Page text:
So, Omar al-Bashir has flown back to Khartoum, “despite an order barring him from leaving while a Pretoria court decided whether to arrest him on charges issued by the International Criminal Court” (BBC)
The choice for Pretoria was crystal clear: to stand up and defend Nelson Mandela’s hard-earned commitment to human rights or to defy direct appeals from the ICC prosecutor and the United Nations secretary-general and let a fugitive from justice fly unchallenged out of the country.
That South Africa decided to invest so much diplomatic capital in choosing the latter will be hugely worrying for the ICC, because it means quite simply that the African country which should be the most powerful backer of its campaign against impunity has publicly abandoned the cause.
Some may point to the ICC and say, here’s another institution that cannot fulfill it’s mandate, a charge I’ve seen leveled at the UN Security Council often enough. But how is it failing?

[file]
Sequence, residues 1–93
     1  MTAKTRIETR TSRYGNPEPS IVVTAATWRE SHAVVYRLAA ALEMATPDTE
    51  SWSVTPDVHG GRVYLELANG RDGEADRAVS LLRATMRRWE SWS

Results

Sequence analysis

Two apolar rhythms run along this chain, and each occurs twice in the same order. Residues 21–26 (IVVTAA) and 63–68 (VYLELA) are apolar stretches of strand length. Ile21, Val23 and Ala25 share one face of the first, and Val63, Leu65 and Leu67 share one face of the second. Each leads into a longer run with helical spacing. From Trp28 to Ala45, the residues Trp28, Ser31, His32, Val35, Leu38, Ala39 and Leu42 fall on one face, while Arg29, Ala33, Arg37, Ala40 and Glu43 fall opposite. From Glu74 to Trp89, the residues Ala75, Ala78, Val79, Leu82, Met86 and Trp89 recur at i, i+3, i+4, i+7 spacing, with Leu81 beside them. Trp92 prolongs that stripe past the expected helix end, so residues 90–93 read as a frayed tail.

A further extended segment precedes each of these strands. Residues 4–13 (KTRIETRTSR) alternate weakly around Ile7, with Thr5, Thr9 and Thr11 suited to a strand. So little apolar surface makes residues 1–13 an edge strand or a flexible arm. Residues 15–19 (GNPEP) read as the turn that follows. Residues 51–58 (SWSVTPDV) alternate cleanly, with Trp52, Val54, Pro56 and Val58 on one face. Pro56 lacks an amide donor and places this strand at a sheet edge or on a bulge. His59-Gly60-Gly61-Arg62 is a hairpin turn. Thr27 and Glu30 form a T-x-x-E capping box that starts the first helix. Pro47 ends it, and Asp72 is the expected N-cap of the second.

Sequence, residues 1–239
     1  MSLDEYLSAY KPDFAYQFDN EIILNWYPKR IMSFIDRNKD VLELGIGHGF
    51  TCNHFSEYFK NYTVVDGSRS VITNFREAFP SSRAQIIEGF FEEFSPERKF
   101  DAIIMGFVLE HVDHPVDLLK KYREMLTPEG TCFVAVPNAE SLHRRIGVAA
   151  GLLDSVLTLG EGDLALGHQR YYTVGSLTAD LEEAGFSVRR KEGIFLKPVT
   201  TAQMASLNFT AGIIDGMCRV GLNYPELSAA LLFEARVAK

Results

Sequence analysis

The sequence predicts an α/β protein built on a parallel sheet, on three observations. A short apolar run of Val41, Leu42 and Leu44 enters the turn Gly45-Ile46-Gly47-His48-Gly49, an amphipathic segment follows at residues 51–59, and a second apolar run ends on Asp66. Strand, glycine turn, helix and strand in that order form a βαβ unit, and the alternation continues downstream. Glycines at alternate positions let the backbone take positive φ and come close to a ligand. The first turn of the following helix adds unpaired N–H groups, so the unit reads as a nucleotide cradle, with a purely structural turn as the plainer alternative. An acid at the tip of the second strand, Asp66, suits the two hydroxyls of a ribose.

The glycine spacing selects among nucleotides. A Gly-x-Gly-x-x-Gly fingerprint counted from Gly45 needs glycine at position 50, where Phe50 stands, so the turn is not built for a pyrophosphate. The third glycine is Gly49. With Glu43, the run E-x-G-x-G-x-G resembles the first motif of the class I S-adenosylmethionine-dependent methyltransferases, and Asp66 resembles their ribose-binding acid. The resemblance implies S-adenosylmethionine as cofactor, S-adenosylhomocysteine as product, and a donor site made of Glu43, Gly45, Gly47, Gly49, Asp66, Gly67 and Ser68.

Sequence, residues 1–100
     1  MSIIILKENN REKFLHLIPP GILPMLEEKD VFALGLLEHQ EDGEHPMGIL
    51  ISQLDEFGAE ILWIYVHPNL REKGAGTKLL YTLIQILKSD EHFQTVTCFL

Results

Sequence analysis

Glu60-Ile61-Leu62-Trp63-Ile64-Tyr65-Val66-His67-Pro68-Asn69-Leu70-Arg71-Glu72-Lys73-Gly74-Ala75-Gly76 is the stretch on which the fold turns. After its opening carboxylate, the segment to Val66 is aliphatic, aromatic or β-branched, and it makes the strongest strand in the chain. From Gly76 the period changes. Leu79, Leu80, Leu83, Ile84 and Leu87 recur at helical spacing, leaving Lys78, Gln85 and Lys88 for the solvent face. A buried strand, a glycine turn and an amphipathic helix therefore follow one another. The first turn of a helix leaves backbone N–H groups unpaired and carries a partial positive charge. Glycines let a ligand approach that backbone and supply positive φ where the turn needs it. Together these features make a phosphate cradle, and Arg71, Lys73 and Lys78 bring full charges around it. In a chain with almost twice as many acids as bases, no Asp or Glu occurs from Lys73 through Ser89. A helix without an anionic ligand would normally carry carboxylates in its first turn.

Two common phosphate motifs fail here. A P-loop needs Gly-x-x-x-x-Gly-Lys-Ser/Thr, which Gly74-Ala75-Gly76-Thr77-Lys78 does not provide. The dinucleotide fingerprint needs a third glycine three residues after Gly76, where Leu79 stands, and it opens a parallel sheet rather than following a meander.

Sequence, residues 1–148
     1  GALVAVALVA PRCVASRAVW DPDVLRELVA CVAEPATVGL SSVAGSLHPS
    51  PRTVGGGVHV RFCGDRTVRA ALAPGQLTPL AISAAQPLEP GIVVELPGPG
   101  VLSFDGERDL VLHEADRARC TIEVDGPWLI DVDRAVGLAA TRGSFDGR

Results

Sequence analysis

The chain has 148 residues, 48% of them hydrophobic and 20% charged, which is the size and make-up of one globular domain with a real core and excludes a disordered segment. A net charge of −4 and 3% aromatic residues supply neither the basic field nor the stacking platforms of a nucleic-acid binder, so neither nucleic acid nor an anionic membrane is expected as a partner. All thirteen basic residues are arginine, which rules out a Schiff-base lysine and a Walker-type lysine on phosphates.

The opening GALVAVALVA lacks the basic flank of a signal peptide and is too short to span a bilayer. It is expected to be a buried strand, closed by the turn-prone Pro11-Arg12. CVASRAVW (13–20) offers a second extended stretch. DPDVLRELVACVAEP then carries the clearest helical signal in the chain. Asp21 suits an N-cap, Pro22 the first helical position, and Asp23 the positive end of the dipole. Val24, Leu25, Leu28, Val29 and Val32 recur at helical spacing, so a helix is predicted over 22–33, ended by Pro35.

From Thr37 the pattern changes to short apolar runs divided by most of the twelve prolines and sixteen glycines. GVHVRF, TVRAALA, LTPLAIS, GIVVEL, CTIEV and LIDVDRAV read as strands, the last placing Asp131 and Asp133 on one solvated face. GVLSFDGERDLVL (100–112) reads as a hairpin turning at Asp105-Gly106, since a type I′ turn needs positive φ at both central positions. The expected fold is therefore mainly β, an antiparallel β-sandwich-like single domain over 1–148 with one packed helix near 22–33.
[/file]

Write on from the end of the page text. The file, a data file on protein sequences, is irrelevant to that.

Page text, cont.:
It’s failing because, like all international institutions, it is only as strong as its’ members’ commitment, and that commitment is often lacking for a variety of reasons – economic self-interest, power politics, regional rivalries, home issues, the list goes on. States are complicated.
How great a blow is al-Bashir’s “escape” to the ICC’s credibility? Is it “finished”, as he claims? The short answer is no. It is currently building a new multimillion-euro headquarters to show that, as an institution, it’s here to stay.
The real long-term danger is more of the same: inadequate backing by the UN Security Council and the international community, and, as a result, “death by a thousand cuts”.
As Terry Pratchett once wrote, “There is no Justice, there is just us”. If we don’t strive to do the right thing, it won’t happen by itself.
Source: ICC credibility in shreds as Omar al-Bashir flies home